Global Coal Use to Stall as India Props Up Growth, IEA Says

Updated on
  • Consumption seen falling in developed nations through 2021
  • Demand in top user China seen little changed in period

Coal demand will “stall and plateau” over the next five years as declines in Europe and North America are offset by growing consumption in India and southeast Asia, according to the International Energy Agency.

The fuel’s share of total electricity generation will fall to 36 percent in 2021 from more than 41 percent in 2013, the Paris-based agency said Monday in its Medium-Term Coal Market Report. China, the world’s biggest producer and consumer of the fuel, presents the greatest uncertainty because its policies can sway the market either way, according to the document.

Global coal consumption declined for the first time this century in 2015, falling 2.7 percent, while global production decreased for the second year in a row, the IEA said. As cleaner technology and stricter climate policies continue to reduce demand in Europe and the U.S., the fuel’s use will shift east, primarily to countries such as India, Vietnam and Indonesia.

“The move of coal to Asia is accelerating and will continue in the coming years with the bulk of coal plant retirements occurring in Europe and the U.S., and construction of new coal power plants happening mostly in Asia,” the IEA said.

The dynamics in the coal market will continue to be determined by China, which will remain the largest consumer by far, representing about half of total demand. The country demonstrated its global market leverage this year when its government’s decision to curb domestic output triggered a remarkable recovery in coal prices.

Chinese coal demand will decrease through 2018, followed by a slight recovery. Still, the country’s demand in 2021 will remain below 2013 levels.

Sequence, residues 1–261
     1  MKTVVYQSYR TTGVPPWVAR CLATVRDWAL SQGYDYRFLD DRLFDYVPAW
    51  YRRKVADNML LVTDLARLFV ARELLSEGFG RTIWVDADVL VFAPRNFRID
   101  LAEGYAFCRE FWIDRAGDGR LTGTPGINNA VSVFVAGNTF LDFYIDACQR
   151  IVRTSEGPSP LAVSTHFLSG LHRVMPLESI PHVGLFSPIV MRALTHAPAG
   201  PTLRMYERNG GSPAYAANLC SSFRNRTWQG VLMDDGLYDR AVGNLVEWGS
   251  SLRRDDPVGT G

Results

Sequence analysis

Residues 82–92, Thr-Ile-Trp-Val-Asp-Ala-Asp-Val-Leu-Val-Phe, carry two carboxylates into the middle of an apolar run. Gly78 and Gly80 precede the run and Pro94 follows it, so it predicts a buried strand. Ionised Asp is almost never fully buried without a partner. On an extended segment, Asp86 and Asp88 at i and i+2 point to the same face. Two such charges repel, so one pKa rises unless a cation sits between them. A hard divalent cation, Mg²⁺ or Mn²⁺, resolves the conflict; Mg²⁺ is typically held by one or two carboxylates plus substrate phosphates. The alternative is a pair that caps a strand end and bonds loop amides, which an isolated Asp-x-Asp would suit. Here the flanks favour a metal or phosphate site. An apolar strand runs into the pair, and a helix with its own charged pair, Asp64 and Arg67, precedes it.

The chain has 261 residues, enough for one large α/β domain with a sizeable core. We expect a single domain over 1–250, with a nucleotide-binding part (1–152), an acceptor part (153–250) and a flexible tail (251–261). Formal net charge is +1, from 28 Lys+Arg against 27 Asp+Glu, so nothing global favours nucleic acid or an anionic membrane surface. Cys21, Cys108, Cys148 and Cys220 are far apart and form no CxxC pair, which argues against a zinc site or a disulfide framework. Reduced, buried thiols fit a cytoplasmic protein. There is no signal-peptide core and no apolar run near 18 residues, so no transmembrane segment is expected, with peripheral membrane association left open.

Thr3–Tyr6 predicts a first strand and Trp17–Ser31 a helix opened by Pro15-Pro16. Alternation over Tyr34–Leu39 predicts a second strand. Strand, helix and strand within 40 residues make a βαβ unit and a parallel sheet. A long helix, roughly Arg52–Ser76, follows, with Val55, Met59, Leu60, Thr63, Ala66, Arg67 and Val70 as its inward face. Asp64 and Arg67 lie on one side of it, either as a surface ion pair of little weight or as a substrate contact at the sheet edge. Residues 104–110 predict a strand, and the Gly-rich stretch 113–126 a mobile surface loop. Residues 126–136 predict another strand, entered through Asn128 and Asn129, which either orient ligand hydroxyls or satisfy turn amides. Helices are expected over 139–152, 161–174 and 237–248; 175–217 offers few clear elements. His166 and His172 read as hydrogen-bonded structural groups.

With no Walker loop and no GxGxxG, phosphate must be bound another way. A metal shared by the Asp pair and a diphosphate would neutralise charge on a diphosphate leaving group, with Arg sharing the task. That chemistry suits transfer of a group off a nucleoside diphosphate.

Europe will continue its flight from the fuel, according to the report. With the notable exception of Poland, the drop in coal demand will be even steeper than that in production, IEA says.

While U.S. climate policies have been thrown into uncertainty by Donald Trump’s victory in the presidential election, the IEA still expects the country to reduce demand by almost 100 million tons to 458 million tons through 2021, on top of a 300 million ton decline between 2007 and 2015. The abundance of inexpensive shale gas that has flooded the U.S. market in the past decade led to the retirement of many coal-fired plants, resulting in the greatest-ever decline in coal demand last year.

That trend may continue in a Trump presidency despite the president-elect’s pledges to revive the coal industry and repeal environmental regulations passed under President Barack Obama, as gas and wind have become the cheapest ways to generate electricity in many parts of the country.

There will be strong growth in demand in Asian countries such as India, Vietnam and Indonesia, where “coal-based electricity is one of the preferred options to increase power generation,” according to the IEA. Smaller importers including Pakistan, Turkey and Malaysia will also drive demand, spurring seaborne trade growth through 2021. Indian demand will rise 5 percent a year through 2021, while that in the Association of Southeast Asian Nations will jump 7.2 percent a year.

“Coal continues to be the backbone of global electricity generation and still makes up 40 percent of global electricity,” said Benjamin Sporton, chief executive officer of the World Coal Association, an industry lobby group. “As demand patterns shift further into developing and emerging Asian economies, we will continue to see strength well into the future.”

Global coal supply fell mainly because of production cuts in China, the U.S. and Indonesia, the report showed. India and Australia increased production by 5.1 percent and 4.1 percent, respectively, last year.

(Updates with comment from World Coal Association in penultimate paragraph.)
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